Esophageal Manometry

Your doctor has requested an esophageal manometry (eh-soff-eh-JEE-al ma-NOM-eh-tree) test for you. This test is also called esophageal motility. This test measures the strength and muscle coordination of your esophagus (food tube) when you swallow. The test results will help your doctor make a diagnosis in your case.

During this test, a small plastic tube (manometry catheter) is passed through your mouth or nose and down your throat until it reaches the top portion of your stomach (please see diagram below).

The tube is connected to a machine that records the contractions (movements) of your esophageal muscles. The contractions are shown on a graph that will be analyzed by a gastroenterologist, a doctor with training and education in diseases of the gastrointestinal tract, who will report the results to your doctor.


Do not eat or drink anything after midnight the night before your test. If you are taking any medications, ask your doctor whether you should continue to do so.



During the test, a nurse will insert the catheter slowly through your nose or mouth and down the esophagus into your stomach. This may be slightly uncomfortable, but it is not painful.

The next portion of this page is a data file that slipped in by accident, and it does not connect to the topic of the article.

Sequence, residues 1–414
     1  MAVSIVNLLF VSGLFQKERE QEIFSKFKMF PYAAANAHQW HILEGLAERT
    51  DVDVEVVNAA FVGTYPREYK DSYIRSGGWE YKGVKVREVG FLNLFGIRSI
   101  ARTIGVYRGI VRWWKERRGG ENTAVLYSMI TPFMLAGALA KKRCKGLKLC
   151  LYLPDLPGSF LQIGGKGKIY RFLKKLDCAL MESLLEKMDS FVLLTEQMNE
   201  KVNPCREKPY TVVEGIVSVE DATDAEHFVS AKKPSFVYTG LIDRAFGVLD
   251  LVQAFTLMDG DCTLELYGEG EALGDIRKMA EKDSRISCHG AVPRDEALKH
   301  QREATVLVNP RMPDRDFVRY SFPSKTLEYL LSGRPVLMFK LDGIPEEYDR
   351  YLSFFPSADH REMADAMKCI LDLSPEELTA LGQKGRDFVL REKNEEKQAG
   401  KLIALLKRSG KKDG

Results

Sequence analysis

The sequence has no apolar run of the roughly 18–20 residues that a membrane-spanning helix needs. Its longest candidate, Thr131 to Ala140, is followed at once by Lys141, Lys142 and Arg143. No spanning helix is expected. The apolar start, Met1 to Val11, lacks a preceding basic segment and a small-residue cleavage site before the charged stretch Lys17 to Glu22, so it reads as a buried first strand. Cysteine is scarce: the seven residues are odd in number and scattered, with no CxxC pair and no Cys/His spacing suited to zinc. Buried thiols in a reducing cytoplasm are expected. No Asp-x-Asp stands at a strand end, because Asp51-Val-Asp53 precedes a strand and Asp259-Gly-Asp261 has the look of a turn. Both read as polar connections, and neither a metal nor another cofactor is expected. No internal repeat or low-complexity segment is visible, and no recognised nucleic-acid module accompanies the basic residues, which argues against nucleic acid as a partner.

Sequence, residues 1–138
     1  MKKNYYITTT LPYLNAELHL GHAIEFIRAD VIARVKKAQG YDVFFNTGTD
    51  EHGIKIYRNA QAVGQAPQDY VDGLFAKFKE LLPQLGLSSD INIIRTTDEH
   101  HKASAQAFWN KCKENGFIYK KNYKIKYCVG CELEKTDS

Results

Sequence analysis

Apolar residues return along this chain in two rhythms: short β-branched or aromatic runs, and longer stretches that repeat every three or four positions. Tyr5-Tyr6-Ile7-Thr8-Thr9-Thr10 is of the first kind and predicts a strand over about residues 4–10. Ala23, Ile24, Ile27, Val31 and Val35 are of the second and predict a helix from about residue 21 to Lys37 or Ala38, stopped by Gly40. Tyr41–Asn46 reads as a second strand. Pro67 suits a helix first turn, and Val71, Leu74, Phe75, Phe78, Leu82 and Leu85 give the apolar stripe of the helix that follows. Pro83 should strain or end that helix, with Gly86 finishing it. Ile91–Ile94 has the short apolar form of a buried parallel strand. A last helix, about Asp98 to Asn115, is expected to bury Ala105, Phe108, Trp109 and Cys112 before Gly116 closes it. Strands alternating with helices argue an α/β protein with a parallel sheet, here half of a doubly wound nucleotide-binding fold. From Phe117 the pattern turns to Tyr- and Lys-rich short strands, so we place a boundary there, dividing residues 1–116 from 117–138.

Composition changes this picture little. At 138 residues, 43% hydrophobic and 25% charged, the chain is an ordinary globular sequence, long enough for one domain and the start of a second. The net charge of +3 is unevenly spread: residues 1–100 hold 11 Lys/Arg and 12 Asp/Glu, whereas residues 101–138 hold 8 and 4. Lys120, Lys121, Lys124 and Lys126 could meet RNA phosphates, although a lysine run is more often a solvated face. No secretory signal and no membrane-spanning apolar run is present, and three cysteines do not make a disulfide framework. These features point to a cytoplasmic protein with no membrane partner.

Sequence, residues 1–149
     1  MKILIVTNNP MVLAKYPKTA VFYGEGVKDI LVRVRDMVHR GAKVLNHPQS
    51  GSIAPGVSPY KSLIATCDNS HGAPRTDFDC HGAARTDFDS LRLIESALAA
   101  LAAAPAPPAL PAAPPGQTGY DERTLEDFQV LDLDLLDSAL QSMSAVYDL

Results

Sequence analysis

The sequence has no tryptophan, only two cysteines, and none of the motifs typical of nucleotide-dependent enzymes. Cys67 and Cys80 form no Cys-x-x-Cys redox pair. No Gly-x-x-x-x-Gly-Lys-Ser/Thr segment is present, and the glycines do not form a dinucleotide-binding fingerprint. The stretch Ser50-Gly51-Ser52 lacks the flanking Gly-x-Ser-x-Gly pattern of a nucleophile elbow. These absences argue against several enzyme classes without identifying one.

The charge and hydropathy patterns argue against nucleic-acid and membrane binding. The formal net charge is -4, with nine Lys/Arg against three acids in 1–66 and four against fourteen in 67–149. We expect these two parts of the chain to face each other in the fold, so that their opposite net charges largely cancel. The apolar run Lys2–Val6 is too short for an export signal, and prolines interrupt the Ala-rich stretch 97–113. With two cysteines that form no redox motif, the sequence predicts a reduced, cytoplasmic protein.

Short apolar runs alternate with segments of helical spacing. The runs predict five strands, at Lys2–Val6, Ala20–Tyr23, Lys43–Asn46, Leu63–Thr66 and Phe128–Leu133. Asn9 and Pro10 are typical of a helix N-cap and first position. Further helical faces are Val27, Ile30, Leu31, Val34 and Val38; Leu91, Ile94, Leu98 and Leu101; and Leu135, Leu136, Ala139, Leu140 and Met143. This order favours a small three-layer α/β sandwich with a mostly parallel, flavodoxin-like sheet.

You will be asked to lie on your back during the test.  During the test you will be asked to swallow. Do not swallow until you are asked to do so.

After the Examination

You may feel a little soreness in your throat for up to a day after the test. This soreness is temporary. Lozenges may help the soreness. You should be able to eat and drink immediately after the test. Your doctor should have the test results within a few days.


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                                                                                                                                          Revised July2013

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